What Is An Operational Environment? (With Examples)

By Kristin Kizer - Jan. 20, 2021

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If you’re in the military, then you’ve probably heard the term Operational Environment. Civilians don’t typically use this phrase, but it does have meaning outside of the military, and it is quite important.

Let’s dive deeper into the military and the civilian meanings behind an Operational Environment and then review its importance.

What Is an Operational Environment?

Operational Environment (OE), in a very broad sense, stands for the factors that make up the nature of an environment and how they can affect your operation. Breaking it down can help illuminate that definition:

  • Military Operational Environment. In terms used by the military, PMESII-PT is used to define the operational environment. That’s an acronym that stands for Political, Military, Economic, Social, Information, Infrastructure, Physical Environment, and Time. This tool looks at all of these datasets in a specific area and uses the information to prepare for and execute an operation.

    This is a simplistic example, but imagine that Troop B will invade Country A. By using PMESII-PT, the people planning this invasion operation will know the country’s climate, terrain, political environment, religious and cultural leanings, etc. All aspects of Country A will be reviewed to make the invasion by Troop B successful.

    Of course, invasions aren’t the only military operations, but this gives you an idea of how an operational environment can dictate how a military branch operates in one place versus another. We’ll further break down the PMESII-PT later, so you have a thorough understanding of the elements involved.

  • Civilian Operational Environment. While this is typically a military concept, it really relates to any business venture and has recently become a more popular term in the business world. Think of it as a review of the following in a work environment:

    • Political

    • Social

    • Legislative

    • Economic

    • Cultural

    • Natural environment

    In business, if you plan to open a factory in a city and you haven’t considered the operational environment, you’re probably setting yourself up to fail.

    You want to make sure your company is the right fit for the region and for the people who live there as well as the ones who will be working there. You also want to know that you’re establishing yourself in a way that will be accepted and successful.

Why Is It Important?

We’ve touched on why the operational environment is important but let’s detail how it can be crucial to the success or failure of a venture. In the military, the OE is dynamic.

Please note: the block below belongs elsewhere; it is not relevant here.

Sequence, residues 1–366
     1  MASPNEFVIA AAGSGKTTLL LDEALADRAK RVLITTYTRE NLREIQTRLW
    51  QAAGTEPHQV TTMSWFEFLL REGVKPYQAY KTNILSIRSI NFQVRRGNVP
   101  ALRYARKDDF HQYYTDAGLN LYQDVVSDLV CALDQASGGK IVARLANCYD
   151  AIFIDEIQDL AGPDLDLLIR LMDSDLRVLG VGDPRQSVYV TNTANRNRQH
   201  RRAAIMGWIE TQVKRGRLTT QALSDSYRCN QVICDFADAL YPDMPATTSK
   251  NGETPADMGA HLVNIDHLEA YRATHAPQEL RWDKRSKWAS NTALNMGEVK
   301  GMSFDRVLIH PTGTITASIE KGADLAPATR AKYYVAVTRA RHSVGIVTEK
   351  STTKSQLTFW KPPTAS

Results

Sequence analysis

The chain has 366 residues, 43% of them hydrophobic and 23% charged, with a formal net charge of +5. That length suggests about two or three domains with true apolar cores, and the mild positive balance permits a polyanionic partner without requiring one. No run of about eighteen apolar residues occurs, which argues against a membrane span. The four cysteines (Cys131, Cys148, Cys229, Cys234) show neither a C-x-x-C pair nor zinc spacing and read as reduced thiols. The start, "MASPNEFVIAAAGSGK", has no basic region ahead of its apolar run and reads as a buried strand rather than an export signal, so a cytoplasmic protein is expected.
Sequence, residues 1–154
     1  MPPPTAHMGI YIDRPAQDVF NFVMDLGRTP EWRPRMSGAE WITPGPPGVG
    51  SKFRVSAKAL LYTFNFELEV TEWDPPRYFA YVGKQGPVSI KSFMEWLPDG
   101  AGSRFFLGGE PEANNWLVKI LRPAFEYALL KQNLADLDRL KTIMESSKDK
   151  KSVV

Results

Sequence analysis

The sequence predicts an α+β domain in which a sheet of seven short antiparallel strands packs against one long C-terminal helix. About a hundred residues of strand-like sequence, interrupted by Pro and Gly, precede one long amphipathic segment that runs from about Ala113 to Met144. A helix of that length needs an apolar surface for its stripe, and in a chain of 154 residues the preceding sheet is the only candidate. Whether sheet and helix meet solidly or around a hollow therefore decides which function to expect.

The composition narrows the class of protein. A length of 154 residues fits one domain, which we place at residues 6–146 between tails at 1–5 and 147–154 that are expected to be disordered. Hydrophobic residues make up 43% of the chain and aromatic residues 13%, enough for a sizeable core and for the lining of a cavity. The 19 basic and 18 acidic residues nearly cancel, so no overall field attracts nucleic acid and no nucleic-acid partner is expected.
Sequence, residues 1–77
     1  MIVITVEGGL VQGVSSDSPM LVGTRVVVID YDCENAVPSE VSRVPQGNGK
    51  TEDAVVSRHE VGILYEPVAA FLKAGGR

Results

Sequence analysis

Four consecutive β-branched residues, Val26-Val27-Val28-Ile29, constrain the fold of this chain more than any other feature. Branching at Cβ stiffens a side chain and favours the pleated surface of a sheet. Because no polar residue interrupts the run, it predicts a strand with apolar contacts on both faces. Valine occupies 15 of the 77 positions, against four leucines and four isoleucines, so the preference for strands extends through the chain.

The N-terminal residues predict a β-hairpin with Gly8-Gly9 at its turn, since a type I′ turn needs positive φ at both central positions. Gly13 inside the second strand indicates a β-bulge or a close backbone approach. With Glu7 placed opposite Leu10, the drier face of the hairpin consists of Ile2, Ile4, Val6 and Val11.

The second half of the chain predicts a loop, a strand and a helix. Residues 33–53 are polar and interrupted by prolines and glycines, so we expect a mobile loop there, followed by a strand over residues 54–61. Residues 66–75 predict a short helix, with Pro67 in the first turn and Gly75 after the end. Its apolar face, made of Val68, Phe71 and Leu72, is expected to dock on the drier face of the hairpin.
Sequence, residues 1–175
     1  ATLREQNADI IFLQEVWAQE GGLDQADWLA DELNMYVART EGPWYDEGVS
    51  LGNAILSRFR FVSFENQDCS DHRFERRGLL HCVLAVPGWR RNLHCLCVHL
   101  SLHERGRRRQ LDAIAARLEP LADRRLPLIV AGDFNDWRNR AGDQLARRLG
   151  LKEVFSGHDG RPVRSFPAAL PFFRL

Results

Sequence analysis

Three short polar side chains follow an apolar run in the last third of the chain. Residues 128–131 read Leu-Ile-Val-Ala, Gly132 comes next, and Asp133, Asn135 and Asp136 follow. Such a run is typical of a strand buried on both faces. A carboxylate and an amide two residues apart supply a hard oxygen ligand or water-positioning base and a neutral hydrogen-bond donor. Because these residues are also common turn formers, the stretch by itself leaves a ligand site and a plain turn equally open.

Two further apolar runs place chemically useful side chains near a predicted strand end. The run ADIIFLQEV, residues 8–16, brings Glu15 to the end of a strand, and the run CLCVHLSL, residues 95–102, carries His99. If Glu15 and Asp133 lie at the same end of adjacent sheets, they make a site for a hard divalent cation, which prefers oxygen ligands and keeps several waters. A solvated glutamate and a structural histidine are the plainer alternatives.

While it is a composite of the conditions, circumstances, and influences that affect the employment of capabilities and the decisions of a commander, any one fundamental change will change the entire operational environment. It’s subject to many variables, and they often change independently of each other, which creates a fluid atmosphere.

It’s crucial to note that the OE is a complex system and human behavior drives it. Many different people are doing different things within an OE, and that adds to the complexity. When the humans involved do not fully understand the culture in which they’re operating and the environment supported by the people who live there, the actions and outputs can be disastrous.

Operational Environment Classifications

You can see that a thorough understanding of where the military or even a business is operating can have everything to do with how they are received. To classify the environments in a very general way, there are three different environments:

  • Permissive environments. These are places that allow another country’s military forces to come in and conduct operations. Think of these countries as friendly ones who want the military there to protect their citizens or work with their military.

    They’re cooperative, and in most situations, they’re looking for assistance combating terrorism or other security threats within their borders or right over the border.

  • Hostile environments. These are countries where they have lost control of the population or the territory. It could be a place where there is an uprising of the people or another country has invaded and is attempting to take over.

  • Uncertain environment. This is treated very much like a hostile environment and, for the most part, is considered hostile. The only difference is that the host country still has some control, albeit limited.


The Army Doctrine Publication and Army Doctrine Reference Publication lists the eight operational variables. Once again, they are:

  • Political

  • Military

  • Economic

  • Social

  • Infrastructure

  • Information

  • Physical environment

  • Time

The framework of an operational environment includes each of those variables so the strategic environment can be analyzed, and then the results can be applied to all levels of learning. To fully understand how each of those areas works together, you need to understand what they mean independently:

  • Political. This is not just who is in power at the moment. In this variable, they look at the total political power within the OE. That means the official overarching government, any smaller governments like states or territories, and then recognized groups of influence that can include terrorists, cartels, influential families, and even individuals.